Sunday, January 26, 2014

Crafting: Make your own Dress Form

We all have that one thing in our dream crafting supplies that we'd love to make a reality, right? For me that's been a dress form. I love to draft patterns, and most of the time I use traditional slopers and blocks, but when it comes to finished tailoring of a piece I can't help but wish there was another "me" present so that I could really get the adjustments that I want.



Yesterday, my husband I made another "me"! (Pardon the "mussed" look. I've been moving things all over the place and haven't ironed my blouse muslin since...)

I've been eyeing tutorials on duck tape dress forms for a long time, but I remember a couple of classmates in college who tried it and had a miserable time. They ended up scrapping the idea, several dollars less-rich and several hours of frustration later. Being mildly claustrophobic, I always figured that between their observed failures and my nerves it just wasn't an option for me.

A certain amount of "zen desperation" (as I've taken to calling it) can transform a lady, though! The itch to have a dress form became a raging need this week, when I sketched up a blouse design that I am incredibly excited about. This pattern will require a drapey, semi-sheer fabric (pure silk, in my case - yay!) and will be a very challenging design to draft, as it uses carefully placed gathers to form-fit, rather than darts. Gathers are all fine and dandy until you realize that it's nearly impossible to get them just-so without, well... another "you".

I spent a few hours reading every single duck tape dress form tutorial that I could find and took lots of notes. I specifically looked for complaints, boasts, methods and results from each tutorial I read and after a while I began to feel more comfortable with the whole idea.

So last night, armed with two plastic garbage bags and three rolls of duct tape, my husband and I went to work. I felt prepared, both mentally and emotionally. However... The one thing I didn't remember to do was take lots of photographs! I don't know if it was the fact that I was being taped up in a plastic mummy-esque cocoon of anxiety, or if it was some deep-rooted desire to not have photographs taken of me while I was in such a vulnerable state, but I didn't take a damned one. *facepalm*

So, I will provide you with links to two of the amazing tutorials that I read, as well as the few snapshots I took toward the end of the process... As for the rest, I shall paint for you, with words. I've included all of the tips that I've collected, as well as the seriously awesome filling that I used that really helped me shape my dress form exactly the way I wanted. 


First, the tutorials that have more pictures than I do!:

The tutorial I started with was from Natasha over at "Little Pink Monster" since she mentioned that she used plastic wrap, instead of a t-shirt, for her dress form. I was definitely intrigued by this, as I had read (ages ago) that using a t-shirt was giving some people a very bulky result. Of course, wearing plastic wrap isn't for everyone, and since I didn't feel like using all of our plastic wrap I opted for a garbage bag. Little Pink Monster also had a list of things she felt she did wrong on her first attempt, which was SUPER helpful. She mentioned that on her first try, they used long pieces of tape which folded and added bulk in a few rather unflattering places. She also talked about how the dress footprint form became much more round rather than oval, when it was being stuffed. The filling I used to stuff my dress form solved this problem, big time!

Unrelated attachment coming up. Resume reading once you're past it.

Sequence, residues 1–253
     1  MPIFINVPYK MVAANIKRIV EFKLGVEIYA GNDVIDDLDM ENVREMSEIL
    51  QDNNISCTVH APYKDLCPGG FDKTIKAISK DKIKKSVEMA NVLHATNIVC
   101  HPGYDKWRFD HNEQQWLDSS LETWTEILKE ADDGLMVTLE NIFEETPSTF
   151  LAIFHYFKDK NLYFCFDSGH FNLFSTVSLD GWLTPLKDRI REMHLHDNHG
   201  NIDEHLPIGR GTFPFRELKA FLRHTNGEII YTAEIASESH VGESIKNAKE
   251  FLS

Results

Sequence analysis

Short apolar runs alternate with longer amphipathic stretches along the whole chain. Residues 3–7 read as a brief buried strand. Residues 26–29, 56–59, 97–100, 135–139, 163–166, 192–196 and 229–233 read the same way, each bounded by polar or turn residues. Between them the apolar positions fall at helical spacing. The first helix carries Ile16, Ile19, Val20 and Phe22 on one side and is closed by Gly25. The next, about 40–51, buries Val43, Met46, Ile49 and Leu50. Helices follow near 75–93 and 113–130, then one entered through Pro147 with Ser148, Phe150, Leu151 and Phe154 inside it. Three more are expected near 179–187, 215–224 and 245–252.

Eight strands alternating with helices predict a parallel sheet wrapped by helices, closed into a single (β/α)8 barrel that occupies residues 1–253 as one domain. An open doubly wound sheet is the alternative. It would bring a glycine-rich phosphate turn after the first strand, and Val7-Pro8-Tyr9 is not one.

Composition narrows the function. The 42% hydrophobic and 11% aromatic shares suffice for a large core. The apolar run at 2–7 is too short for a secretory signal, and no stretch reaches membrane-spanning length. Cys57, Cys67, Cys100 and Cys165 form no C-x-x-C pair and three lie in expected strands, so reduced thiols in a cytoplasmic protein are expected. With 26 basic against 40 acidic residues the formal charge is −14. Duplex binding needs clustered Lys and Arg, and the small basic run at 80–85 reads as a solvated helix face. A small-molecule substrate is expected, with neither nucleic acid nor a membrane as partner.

The other tutorial that I really enjoyed was from Sarah over at "Offbeat Bride". She had very specific and helpful ways to start the duck tape layout in order to preserve bust shape and size ratios.

There was one other tutorial that I have unfortunately lost track of that offered the best advice I could possibly think of, despite not having followed it myself. This particular blogger had the foresight to cut most of her tape pieces ahead of time! She stuck them all over her house, and she and her partner then wandered around, taping her up as they went. The most time consuming part of this is the cutting of tape, so I can imagine this cut down on her "mummified" state by considerable minutes. I definitely should've done this!


And Now, my own method/madness:


FIRST: I made a wearable plastic garbage bag by cutting the corners and a small slit for my head to squeeze through. I wore the best bra I own, to make sure I was well shaped and supported. The garbage bag was a bit ridiculous, and very cold dressed like this in our 19th century cottage, but what's a girl to do?











SECOND: My husband began taping me up. We found that using a few long pieces to start with helped eliminate the excessive stretching that we were getting with the plastic bag. We did bands around my bust, waist, hips and shoulders, and were careful to fold the plastic bag as flat as possible under the tape.